Anatomy of a bug: latest Firefox ‘new tab’ feature thumbnails HTTPS pages

Anatomy of a bug: Firefox 'new tab' feature thumbnails HTTPS pages

About a week ago, popular IT news site The Register announced a security hole in Firefox.

Under the headline Firefox ‘new tab’ feature exposes users’ secured info: Fix promised, El Reg decried the most recent Firefox release as “unlucky version 13”.

The story ended up pretty widely reported, and Mozilla has publicly promised a fix.

But is this really a bug? If so, is it serious?

Even more importantly, do any of the workarounds popping up online actually do what they claim?

We decided to investigate – which took a lot more fiddling, digging and experimentation than you might think. (Unless you’re a software tester. If so, you already know how explosively configuration options combine.)

Example of a New Tab page with images thumbnailed during earlier browsing

The controversial feature is Firefox 13’s updated ‘new tab’ system. This takes thumbnail snapshots of sites you visit, and replays them later when you use the New Tab window.

The thing which outraged Register reader Chris, and led to all the news coverage, is that the thumbnails include images of content accessed over HTTPS, such as banking transactions and webmail sessions.

That much is true.

I opened a series of HTTPS pages looking like this:

Then I exited Firefox and reloaded it.

At this point, the New Tab page did indeed clearly reveal the content of my earlier secure browsing:

In hindsight, this is a bad idea, given Firefox’s default privacy settings. I’m glad Mozilla has committed to change it.

If you permit Firefox to retain cached information from day to day in this form, anyone with even momentary access to your browser in the future can hit Ctrl-T or Command-T, and may immediately get a look at personal information you wouldn’t expect to have been be preserved.

Nevertheless, HTTPS doesn’t promise encryption at all times. The S-for-secure component applies only during the HTTP part of the transaction – the data transfer. It’s worth keeping that in mind.

Whatever is inside an HTTPS request, and inside its corresponding reply, must exist in unencrypted form at each end of the conversation in order to be of any use.

That means both your browser and the server you’re talking to may – indeed, probably will – end up with a permanent record of the transaction’s content, even though it was encrypted during transmission.

In fact, that’s exactly what happens in Firefox, version 13’s New Tab thumbnails notwithstanding.

Even if you turn off the thumbnail display (clicking the matrix icon on the New Tab screen will do that for you), the contents of your HTTPS pages may very well end up in the Firefox cache anyway.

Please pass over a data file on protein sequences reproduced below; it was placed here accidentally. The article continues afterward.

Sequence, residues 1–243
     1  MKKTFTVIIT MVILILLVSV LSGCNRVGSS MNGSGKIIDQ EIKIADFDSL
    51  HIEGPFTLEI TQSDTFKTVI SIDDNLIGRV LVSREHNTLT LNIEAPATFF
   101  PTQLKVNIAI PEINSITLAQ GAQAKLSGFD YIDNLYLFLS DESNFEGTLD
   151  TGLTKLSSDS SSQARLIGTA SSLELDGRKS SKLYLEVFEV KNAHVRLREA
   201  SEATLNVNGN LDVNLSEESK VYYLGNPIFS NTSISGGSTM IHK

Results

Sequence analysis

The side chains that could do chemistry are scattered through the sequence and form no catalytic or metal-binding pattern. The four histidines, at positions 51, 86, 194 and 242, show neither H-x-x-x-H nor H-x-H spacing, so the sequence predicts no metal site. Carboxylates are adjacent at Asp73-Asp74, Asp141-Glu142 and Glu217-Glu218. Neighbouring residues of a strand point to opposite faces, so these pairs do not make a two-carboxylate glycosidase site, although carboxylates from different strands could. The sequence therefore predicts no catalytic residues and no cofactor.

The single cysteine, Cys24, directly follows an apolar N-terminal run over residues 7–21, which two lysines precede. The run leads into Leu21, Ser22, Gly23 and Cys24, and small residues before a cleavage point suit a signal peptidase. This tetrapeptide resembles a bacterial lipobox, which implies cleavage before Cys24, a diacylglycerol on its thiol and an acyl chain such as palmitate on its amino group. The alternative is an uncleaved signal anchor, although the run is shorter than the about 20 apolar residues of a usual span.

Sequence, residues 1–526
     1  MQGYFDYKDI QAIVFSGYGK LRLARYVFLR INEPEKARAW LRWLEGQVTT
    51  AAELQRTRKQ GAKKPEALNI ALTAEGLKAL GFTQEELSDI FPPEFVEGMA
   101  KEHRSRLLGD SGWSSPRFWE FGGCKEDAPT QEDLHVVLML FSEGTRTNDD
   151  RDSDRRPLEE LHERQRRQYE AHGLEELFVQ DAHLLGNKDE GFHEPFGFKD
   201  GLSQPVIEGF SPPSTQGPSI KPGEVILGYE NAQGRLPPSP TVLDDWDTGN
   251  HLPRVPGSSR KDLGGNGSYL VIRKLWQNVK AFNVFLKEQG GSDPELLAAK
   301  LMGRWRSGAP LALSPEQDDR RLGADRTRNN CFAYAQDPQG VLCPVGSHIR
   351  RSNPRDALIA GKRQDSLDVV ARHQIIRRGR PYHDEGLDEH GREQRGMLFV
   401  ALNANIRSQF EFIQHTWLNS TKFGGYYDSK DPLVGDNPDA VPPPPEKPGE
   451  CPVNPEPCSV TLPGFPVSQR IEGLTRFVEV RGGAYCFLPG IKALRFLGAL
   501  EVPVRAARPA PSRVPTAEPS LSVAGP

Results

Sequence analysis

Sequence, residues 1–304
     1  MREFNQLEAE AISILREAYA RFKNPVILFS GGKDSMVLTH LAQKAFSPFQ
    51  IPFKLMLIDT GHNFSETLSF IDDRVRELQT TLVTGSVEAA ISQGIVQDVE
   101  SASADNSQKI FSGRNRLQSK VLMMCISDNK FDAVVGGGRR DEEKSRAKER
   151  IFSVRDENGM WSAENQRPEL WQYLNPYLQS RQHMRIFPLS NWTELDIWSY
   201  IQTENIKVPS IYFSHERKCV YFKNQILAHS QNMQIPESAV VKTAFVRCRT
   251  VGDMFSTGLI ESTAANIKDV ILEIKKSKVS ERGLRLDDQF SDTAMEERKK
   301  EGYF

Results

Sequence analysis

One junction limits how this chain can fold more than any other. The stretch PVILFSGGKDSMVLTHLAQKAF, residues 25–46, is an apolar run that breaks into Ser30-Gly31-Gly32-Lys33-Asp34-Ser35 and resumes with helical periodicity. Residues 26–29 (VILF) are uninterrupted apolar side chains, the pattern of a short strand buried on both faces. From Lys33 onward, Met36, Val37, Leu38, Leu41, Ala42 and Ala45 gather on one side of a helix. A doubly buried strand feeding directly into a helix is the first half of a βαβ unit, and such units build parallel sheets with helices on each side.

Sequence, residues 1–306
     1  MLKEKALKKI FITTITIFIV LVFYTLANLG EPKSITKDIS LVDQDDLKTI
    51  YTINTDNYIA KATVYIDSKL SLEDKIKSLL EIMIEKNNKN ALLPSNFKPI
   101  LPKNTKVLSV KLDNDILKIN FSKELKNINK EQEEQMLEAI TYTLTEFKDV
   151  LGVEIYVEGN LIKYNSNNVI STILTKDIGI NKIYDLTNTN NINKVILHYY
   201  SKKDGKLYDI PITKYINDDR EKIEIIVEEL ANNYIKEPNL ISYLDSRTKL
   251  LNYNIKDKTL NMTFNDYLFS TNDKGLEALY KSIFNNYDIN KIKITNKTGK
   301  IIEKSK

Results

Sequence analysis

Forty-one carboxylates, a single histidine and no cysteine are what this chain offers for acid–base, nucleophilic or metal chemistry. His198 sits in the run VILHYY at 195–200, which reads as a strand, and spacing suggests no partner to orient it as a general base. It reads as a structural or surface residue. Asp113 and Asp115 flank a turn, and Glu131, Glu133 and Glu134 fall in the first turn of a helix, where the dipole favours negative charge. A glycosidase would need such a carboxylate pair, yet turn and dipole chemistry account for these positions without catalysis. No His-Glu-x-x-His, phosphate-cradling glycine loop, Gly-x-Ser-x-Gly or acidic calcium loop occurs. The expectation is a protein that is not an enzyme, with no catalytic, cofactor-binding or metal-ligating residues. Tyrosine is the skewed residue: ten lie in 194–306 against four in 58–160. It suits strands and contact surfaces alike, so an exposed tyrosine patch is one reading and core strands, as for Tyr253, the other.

(When a web page is sent to your browser, whether securely transmitted or not, the server gets to say if and how it should be cached. The server does this by setting an Expires: or a Cache-Control: header in the HTTP reply.)

In my HTTPS experiments, turning off the thumbnails didn’t do anything about Firefox’s cache.

Here’s what I saw after clearing all history and repeating my tests with thumbnail display turned off. I examined the cache with the special about:cache URL:

Zooming in to the seven files listed as cached shows three of the URLs duplicated – the HTTPS pages I visited in the test.

The objects denoted No expiration time are the thumbnail images; their partners are the original, decrypted, HTTP replies:

Zooming in to any of the files in the list brings up the complete HTTP header and body data in the reply:

So the new-found data leakage due to the thumbnails is a bit of a red herring.

The information from which Firefox 13 builds its thumbnails has been there all along in previous Firefox versions.

The cache isn’t quite as easy to get to as the New Tab window, but it can still be accessed directly from your browser. Also, of course, it contains not just highly-compressed snapshots of your web pages at specific instants, but an exact history of all their components.

Your best bet for getting rid of cached content – which, as we have seen, includes the very thumbnails that got Register reader Chris worried in the first place – is to use Firefox’s existing privacy features to purge old browsing data promptly.

Keeping a detailed record of your browsing history and maintaining it between sessions is convenient, but insecure.

A little inconvenience goes a long way towards improving security, which is why I recommend a Firefox privacy configuration similar to this:

I also recommend that you use the Clear Recent History... command as a matter of routine whenever you finish an online transaction involving personally identifiable imformation.

You’ll find the history-clearing dialog in the Tools menu.

Finally, as I promised earlier, what about the “thumbnail bug” workarounds you’ll find online?

You may be tempted to use a workaround until Mozilla adapts the behaviour of its ‘new tab’ system to exclude HTTPS pages.

For example, you may have read about the browser.newtabpage.enabled option you can change in about:config.

I’ve also read that you ought to change the other two newtab-related settings you can see here, too:

Bad news. This isn’t actually a workaround at all. It feels like one, because the thumbnails no longer appear if you tweak the settings above.

But the thumbnails are still collected, are still held in the cache, and are still accessible by visiting about:newtab and clicking the matrix icon.

In conclusion, if this whole issue really is a bug, it’s more of bug in our attitude to retaining browser data between sessions than a bug in the Firefox code.

Even when Mozilla “fixes” any thumbnail concerns you might have, I’ll still be advising you to get much more aggressive about how often and how thoroughly you clear out your browser history…